The beauty of pop-punk is all around us.
I see it when I peer down at my turquoise and lime green limited edition Air Force Ones. I see it on my computer screen while I’m bashing other reviewers for hating my favorite bands. I feel it when I pen every new, wonderful, totally original opening paragraph about a pop punk band. There’s just too much about this music – and life for Christ’s sake – to love. I’m in love! With a girl. With The Maine!
Let me tell you about it!
The Maine are original in the way that Doritos keep making zestier Cool Ranch or tangier Nacho Cheese chips. (And we’re supposed to celebrate this? It tastes the f**king same!) Rather than nut-busting rockers, they prefer to chill us out with acoustic guitars and jog-don’t-sprint tempos. Also, while most of the lyrics are terrible, they still find a way to resonate with me. I’ve been there: One time a girl blocked my advances and I almost died. Another actually broke up with me and I was clinically dead for 6 minutes.
“Everything I Ask For” buzzes to life with mid-tempo strumming and John O’Callaghan’s semi-abrasive vocals. He’s a mix between Kenny Vasoli and the weird named singer of Cute is What We Aim For, just like extra crunchy peanut butter is the perfect blend of whole peanuts and buttered peanuts. Akin to an 80’s hair band anthem riding on a gust of hot wind, “Girls Do What They Want” develops into a massive chorus complete with “Whoa Oh’s” and all the other things teenage girls – and I – like. Also, if my super hot, but f**king crazy girlfriend is any indication – Hey Christine! – The Maine are completely right on with the lyrics here. Women are such a strange species.
If Christine breaks up with me I’ll die forever.
Skipping ahead to the awesomely strong dosage of lovelorn anthems (“This Is The End” and “Whoever She Is”), it becomes clear why The Maine are so likeable. Spinning moderately fresh takes on teenage angst and frustration is all it takes to hit it big these days. If your hair falls over your eye in just the right way and you happen to own a To Write Love On Her Arms hoodie, well, that’s just icing on the emo cake. Pianos and an appreciation for acoustic mood-rock helps to take this band out of the more bruising (yet still super trendy) summer music category occupied by bands like Hit The Lights and Forever The Sickest Kids. Also, if you don’t dig the handclap section in “This Is The End,” you’re going to hell.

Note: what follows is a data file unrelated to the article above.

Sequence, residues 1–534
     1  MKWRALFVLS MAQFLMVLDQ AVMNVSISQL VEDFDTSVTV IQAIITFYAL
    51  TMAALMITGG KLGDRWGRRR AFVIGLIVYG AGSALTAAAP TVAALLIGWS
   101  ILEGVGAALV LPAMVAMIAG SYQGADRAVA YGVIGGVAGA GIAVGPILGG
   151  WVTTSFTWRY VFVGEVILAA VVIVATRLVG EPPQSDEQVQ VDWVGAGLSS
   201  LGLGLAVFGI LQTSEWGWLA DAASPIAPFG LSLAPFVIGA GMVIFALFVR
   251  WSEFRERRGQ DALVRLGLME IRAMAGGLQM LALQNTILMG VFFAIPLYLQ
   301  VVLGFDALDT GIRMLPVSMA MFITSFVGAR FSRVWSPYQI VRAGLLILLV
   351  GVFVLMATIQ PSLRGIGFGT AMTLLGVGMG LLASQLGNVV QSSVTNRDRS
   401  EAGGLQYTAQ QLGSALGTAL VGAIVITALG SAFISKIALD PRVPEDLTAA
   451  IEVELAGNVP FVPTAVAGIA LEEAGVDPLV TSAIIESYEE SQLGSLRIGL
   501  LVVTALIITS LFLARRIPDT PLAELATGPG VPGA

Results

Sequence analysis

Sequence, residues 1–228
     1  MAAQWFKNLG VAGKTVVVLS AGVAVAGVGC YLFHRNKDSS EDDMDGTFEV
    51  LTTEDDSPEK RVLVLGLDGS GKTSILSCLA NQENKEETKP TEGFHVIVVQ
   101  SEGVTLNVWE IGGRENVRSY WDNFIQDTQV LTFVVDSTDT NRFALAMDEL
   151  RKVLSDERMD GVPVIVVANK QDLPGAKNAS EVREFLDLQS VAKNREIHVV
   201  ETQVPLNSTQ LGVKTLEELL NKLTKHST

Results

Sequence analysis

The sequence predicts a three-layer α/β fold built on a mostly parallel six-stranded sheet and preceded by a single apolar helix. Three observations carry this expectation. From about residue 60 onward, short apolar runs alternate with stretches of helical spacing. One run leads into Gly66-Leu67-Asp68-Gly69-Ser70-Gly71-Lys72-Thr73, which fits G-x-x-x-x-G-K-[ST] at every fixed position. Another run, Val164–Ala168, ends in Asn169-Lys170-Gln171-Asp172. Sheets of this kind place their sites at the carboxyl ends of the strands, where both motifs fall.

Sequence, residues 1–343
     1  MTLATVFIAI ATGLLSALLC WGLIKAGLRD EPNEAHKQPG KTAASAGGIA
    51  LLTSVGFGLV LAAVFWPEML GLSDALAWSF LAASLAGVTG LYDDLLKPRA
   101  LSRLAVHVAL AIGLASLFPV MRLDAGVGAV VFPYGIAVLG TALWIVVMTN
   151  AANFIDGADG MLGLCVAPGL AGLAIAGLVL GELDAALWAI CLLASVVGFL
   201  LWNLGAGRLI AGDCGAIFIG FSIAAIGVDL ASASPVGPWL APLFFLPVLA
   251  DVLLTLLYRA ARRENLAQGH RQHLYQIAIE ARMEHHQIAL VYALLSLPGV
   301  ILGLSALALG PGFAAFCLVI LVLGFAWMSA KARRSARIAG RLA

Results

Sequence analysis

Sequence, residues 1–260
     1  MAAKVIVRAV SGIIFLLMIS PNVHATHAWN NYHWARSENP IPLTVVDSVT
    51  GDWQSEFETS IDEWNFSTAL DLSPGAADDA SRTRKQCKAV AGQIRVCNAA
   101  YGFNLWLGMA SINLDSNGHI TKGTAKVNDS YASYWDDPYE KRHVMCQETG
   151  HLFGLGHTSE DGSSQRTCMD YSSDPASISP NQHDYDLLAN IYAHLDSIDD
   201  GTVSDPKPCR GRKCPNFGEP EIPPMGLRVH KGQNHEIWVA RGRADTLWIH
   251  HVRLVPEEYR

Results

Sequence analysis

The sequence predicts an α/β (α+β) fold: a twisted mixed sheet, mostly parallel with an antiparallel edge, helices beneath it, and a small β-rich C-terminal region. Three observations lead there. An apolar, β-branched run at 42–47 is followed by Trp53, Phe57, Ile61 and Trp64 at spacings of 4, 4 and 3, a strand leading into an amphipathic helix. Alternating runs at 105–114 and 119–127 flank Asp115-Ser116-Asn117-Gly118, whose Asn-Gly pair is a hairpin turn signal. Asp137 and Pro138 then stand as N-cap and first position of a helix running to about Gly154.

Quick note: If you like the song “Closing Time” by Semisonic, acquire “Into Your Arms” immediately.
“You Left Me” shows a fascination with technology and alien abductions by distorting vocals and utilizing a high-stepping electro beat. O’Callaghan uses a bit more range here (he tends to sing the same few notes on every song, but why get nitpicky?) and the trendy factor of this song actually works in its favor. Sure is weird how a popular formula is actually a good formula. “We’ll All Be…” slide guitars its way into your heart like a pretty girl when she wants you to give her an Angry Dragon. But in the same way that she tries to not look like a slut, this song’s alt-country vibe is laid on very thin, so as not to scare away any mascara-wearing 11 year olds. Meanwhile, the galloping drum beat and ringing guitar effects set a tone that’s perfect for lines like, “Don’t say goodbye / Cause in the morning we’ll see you around.” It’s… cute; you’ll dig it.
Americans young and old will buy and enjoy this compact disc. At first they’ll criticize it for being juvenile, and then they’ll realize there’s no such thing. Growing up doesn’t mean you have to forget your past, but it’s hard to find a disc like Can’t Stop, Won’t Stop relatable when you refuse to do a bit of legwork. I hope you won’t skip over The Maine because they’re prettier than you. I hope you won’t skip over The Maine because “I Must Be Dreaming” might make them a million dollars on the wings of its catchy acoustic guitars and cymbal madness. I, for one, can’t stop and won’t stop listening to this record.
You shouldn’t stop, either.